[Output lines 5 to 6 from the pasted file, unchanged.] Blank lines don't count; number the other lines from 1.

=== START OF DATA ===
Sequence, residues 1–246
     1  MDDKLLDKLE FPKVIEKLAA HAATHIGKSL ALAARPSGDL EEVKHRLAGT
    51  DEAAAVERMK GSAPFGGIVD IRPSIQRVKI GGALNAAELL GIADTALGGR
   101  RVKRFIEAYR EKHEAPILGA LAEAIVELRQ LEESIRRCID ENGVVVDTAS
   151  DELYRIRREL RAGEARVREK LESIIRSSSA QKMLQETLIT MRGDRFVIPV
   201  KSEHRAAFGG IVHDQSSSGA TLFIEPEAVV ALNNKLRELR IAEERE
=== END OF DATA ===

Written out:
   151  DELYRIRREL RAGEARVREK LESIIRSSSA QKMLQETLIT MRGDRFVIPV
   201  KSEHRAAFGG IVHDQSSSGA TLFIEPEAVV ALNNKLRELR IAEERE